Are Polybutylene Pipes Durable or Should I Replace With Copper?

December 2nd 2008
Are Polybutylene Pipes Durable or Should I Replace With Copper?

Q: I have recently purchased a home with PolyB plumbing. Can I replace all the hot water connectors with copper ones, or do I have to replace all the plumbing with copper? We have not had any problems with water thus far but have heard it can lead to problems.

A: Polybutylene plastic pipe PolyB, or PB for short, is usually gray and was installed in homes built between 1978 and 1995, used for hot and cold supply piping in homes.

However, PolyB has attracted considerable attention over the years because of concerns with its potential to leak. The claim is that polybutylene pipes and fittings may deteriorate when exposed to hot water and high chlorine residuals in water. However, there appears to be a relatively low incidence rate of failures, most of which have been attributed to poor installation.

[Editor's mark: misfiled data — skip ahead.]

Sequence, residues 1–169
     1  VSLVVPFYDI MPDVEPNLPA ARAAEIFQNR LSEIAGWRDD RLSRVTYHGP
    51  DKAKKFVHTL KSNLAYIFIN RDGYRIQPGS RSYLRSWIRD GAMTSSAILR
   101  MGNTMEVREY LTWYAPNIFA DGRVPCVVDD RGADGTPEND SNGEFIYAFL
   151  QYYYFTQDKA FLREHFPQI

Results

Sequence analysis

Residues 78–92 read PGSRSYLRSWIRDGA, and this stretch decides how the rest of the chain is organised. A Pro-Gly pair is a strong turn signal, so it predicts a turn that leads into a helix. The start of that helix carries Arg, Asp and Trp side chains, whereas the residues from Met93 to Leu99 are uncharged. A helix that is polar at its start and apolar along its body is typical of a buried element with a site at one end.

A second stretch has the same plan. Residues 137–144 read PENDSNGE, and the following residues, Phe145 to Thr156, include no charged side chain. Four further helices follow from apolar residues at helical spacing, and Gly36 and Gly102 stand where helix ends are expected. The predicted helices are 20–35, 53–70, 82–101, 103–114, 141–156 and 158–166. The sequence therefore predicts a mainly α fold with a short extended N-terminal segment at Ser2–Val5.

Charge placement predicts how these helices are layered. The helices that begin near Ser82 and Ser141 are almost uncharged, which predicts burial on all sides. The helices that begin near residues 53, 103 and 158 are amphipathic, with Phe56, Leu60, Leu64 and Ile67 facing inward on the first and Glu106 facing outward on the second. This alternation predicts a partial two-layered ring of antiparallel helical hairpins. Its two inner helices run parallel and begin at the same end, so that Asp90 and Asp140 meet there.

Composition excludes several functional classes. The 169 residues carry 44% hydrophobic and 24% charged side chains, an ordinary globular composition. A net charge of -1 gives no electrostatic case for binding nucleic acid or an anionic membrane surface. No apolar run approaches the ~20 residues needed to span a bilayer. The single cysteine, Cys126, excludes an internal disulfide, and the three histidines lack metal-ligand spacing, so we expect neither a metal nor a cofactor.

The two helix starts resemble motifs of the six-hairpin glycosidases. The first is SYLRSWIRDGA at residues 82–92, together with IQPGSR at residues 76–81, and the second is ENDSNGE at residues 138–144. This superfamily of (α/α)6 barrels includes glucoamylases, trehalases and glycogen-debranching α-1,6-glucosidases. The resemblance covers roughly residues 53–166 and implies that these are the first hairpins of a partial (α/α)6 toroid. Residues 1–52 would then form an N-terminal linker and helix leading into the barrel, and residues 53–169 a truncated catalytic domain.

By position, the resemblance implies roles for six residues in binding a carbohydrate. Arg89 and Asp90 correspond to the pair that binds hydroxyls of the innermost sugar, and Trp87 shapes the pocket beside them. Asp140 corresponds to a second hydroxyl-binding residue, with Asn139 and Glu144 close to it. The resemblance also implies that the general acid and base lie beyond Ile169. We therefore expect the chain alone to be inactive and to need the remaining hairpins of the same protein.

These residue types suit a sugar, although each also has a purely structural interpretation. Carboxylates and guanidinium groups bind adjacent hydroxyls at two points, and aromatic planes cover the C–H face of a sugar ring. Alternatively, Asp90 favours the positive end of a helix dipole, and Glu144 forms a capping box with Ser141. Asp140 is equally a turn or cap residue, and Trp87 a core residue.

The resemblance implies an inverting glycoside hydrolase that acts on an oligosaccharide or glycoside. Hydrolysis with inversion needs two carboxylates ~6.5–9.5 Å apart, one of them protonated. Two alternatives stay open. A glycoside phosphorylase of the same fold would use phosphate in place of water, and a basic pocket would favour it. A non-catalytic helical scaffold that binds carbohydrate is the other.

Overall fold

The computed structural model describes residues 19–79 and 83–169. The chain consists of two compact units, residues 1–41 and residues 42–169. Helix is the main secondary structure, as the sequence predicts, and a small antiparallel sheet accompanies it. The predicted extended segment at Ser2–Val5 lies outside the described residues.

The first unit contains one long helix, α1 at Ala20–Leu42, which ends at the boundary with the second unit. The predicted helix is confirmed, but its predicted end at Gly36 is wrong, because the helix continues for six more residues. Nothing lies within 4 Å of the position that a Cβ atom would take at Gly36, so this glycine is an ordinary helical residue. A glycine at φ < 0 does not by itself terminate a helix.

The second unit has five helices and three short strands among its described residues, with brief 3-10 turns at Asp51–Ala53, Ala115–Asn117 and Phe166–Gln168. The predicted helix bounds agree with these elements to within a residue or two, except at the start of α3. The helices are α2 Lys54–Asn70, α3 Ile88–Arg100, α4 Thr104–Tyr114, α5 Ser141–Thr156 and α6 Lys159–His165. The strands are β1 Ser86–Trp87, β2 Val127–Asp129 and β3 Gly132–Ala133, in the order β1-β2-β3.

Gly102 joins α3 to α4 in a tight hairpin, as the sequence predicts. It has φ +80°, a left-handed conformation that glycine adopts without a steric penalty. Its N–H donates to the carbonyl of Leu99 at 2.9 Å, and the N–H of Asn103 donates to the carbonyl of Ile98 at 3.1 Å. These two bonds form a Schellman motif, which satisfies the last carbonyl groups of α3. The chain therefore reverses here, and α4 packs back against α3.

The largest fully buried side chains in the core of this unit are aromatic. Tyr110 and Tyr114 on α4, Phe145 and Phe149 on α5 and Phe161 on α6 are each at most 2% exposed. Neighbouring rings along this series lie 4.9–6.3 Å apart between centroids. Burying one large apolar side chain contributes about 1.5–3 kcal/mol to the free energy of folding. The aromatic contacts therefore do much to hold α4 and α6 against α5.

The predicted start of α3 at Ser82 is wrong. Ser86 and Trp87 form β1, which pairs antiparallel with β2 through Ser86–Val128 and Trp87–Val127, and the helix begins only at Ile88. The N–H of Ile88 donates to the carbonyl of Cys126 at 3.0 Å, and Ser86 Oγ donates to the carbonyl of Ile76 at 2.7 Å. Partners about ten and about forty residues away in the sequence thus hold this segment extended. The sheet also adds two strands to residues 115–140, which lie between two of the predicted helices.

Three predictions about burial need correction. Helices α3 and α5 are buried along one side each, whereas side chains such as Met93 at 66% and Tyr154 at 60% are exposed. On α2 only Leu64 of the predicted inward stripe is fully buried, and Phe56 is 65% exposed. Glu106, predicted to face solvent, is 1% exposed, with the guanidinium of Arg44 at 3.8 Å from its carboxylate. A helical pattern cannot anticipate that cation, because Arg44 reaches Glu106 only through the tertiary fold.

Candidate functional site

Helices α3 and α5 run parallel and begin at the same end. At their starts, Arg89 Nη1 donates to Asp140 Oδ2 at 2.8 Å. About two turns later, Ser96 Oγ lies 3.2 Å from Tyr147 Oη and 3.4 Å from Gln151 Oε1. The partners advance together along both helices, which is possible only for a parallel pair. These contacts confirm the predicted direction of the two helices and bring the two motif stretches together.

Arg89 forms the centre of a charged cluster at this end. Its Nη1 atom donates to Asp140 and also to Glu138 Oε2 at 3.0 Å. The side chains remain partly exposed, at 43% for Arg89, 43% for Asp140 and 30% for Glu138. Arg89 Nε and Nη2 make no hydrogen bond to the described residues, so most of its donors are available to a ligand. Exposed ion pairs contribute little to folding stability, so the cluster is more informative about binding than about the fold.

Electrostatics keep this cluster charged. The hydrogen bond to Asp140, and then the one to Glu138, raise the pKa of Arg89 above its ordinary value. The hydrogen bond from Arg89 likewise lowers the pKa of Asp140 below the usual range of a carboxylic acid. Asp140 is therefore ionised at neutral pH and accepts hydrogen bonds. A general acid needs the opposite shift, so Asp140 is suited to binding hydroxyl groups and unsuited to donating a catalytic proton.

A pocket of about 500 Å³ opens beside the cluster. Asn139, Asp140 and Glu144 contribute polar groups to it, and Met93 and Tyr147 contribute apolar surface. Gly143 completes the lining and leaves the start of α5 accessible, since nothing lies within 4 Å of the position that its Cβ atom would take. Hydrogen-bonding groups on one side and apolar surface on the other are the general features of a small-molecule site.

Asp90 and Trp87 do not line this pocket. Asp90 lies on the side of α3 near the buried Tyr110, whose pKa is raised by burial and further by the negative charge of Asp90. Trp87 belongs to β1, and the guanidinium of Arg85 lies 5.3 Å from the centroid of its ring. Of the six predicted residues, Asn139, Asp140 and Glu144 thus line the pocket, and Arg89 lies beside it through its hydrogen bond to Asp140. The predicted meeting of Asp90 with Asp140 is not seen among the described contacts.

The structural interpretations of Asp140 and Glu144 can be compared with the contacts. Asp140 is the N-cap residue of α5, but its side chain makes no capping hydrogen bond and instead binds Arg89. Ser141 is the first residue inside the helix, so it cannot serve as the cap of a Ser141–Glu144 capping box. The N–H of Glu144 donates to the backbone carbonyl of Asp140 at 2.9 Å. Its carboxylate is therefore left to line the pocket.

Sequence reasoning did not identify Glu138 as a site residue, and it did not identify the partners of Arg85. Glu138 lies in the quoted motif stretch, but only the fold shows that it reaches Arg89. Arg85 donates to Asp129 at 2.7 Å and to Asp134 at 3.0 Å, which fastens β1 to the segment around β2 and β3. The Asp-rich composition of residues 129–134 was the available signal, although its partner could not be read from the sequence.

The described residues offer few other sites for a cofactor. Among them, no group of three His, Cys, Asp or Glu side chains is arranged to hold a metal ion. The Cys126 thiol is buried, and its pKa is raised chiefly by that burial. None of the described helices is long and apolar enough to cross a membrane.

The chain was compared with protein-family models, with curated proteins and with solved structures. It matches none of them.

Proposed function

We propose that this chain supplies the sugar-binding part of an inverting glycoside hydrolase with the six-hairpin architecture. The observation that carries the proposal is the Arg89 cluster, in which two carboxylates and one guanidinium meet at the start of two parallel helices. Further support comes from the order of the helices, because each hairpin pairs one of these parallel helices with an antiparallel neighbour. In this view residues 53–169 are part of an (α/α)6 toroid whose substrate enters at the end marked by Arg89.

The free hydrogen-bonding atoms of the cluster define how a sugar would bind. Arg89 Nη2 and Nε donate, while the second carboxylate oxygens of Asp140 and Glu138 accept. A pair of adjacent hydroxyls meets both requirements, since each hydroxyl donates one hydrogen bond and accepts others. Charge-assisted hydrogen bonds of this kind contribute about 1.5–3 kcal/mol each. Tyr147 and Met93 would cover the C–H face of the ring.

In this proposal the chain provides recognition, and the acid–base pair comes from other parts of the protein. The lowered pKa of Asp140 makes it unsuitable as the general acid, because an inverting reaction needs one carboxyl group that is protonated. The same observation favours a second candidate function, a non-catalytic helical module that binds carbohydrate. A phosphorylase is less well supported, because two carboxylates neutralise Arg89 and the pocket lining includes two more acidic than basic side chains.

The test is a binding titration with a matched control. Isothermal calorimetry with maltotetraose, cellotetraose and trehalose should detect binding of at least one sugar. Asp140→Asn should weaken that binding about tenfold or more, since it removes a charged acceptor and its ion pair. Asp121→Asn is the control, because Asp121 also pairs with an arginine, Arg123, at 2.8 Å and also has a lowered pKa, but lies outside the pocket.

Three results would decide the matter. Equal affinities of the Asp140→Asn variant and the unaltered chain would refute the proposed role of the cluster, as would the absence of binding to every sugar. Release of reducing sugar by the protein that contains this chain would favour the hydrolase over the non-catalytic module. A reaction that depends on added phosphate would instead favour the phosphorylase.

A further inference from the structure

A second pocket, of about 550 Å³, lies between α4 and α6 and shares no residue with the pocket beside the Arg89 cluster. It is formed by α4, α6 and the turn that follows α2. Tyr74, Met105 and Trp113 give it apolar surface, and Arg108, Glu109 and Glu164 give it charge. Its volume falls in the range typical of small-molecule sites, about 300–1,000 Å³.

Your question implies your Polybutylene is delivering your domestic hot and cold water throughout the home. If this is the case, there has been little to no concern to my office. I always respond by suggesting turning the water temperature down to 130 F on the hot water tank.

There are more concerns with the hydronic heating systems using PolyB (radiant and convection type). If this applies to you, please contact a hydronic hot water heating specialist and have them assess your system by doing water tests within your system and they will advise you on the next steps to take. Contact the HouseSmart Home Services Referral Network for a company in your area.

Note: it is very important to have a hydronic heating specialist to address any concerns with these systems.